University of Waterloo >
Electronic Theses and Dissertations (UW) >
Please use this identifier to cite or link to this item:
|Title: ||The GR3 Method for the Stress Analysis of Weldments|
|Authors: ||Chattopadhyay, Aditya|
|Keywords: ||Stress Analysis|
|Approved Date: ||2-Oct-2009 |
|Date Submitted: ||2009 |
|Abstract: ||Determination of the fatigue life of a component requires knowledge of the local maximum fluctuation stress and the through-thickness stress distribution acting at the critical cross-section. This has traditionally been achieved through the use of stress concentration factors. More recently finite element methods have been used to determine the maximum stress acting on a weldment. Unfortunately, meshing large and complicated geometries properly requires the use of fine meshes and can be computationally intensive and time consuming. An alternative method for obtaining maximum stress values using coarse three-dimensional finite element meshes and the hot spot stress concept will be examined in this paper.
Coarse mesh stress distributions were found to coincide with fine mesh stress distributions over the inboard 50% of a cross-section. It was also found that the moment generated by stress distribution over the inboard half of the cross-section accounted for roughly 10% of the total moment acting in all of the cases studied. As a result of this, the total moment acting on a cross-section may be predicted using knowledge of the stress distribution over the inboard 50% of a structure.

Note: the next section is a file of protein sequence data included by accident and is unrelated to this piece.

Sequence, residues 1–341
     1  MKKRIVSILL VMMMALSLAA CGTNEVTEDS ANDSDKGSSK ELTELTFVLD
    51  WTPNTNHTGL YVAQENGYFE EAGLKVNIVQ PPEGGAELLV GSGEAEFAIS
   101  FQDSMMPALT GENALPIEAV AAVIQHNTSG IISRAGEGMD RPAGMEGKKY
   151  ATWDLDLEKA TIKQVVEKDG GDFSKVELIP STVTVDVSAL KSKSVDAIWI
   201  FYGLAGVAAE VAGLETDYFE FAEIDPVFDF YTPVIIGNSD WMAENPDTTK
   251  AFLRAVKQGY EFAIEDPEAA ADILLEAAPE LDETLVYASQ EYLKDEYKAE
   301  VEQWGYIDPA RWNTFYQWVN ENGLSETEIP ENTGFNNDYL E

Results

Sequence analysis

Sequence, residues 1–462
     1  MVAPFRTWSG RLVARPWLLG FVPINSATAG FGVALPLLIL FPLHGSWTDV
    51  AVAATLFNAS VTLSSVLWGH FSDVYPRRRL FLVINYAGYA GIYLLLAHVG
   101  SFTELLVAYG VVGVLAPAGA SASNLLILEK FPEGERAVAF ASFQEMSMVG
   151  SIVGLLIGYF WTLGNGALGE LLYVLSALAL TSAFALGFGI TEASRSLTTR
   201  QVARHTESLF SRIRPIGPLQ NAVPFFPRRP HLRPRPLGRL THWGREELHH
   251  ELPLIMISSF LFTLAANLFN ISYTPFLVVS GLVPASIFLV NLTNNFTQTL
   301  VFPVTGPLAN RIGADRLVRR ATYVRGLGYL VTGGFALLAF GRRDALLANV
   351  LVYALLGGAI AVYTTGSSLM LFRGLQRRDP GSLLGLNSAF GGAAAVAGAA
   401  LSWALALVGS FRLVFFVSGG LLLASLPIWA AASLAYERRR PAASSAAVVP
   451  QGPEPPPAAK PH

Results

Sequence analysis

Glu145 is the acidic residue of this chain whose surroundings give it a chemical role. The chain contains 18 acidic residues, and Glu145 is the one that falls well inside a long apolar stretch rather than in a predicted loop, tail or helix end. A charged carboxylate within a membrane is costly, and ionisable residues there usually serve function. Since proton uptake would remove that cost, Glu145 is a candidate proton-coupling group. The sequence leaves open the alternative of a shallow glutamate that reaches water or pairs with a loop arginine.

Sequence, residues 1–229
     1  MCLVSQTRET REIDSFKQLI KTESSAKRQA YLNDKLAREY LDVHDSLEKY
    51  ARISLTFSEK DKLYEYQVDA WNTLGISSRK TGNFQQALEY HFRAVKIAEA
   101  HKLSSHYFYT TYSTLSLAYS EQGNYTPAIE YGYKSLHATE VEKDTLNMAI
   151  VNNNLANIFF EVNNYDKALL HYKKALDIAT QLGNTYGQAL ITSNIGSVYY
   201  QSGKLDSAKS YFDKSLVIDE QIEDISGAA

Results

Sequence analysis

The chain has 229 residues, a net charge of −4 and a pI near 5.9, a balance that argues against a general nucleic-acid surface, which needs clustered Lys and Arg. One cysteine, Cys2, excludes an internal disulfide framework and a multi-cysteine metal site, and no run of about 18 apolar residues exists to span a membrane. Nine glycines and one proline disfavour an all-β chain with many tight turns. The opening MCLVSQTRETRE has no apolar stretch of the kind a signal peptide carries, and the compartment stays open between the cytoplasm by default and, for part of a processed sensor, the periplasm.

Given the moment acting on a cross-section, the hot spot stress may be found. Using bending and membrane stress concentration factors, the maximum stress value may be found. Finally, given the maximum stress data, the fatigue life of a component may be determined using either the strain-life approach or fatigue crack growth methods.
|Program: ||Mechanical Engineering|
|Department: ||Mechanical and Mechatronics Engineering|
|Degree: ||Master of Applied Science|
|Appears in Collections:||Faculty of Engineering Theses and Dissertations |
Electronic Theses and Dissertations (UW)
All items in UWSpace are protected by copyright, with all rights reserved.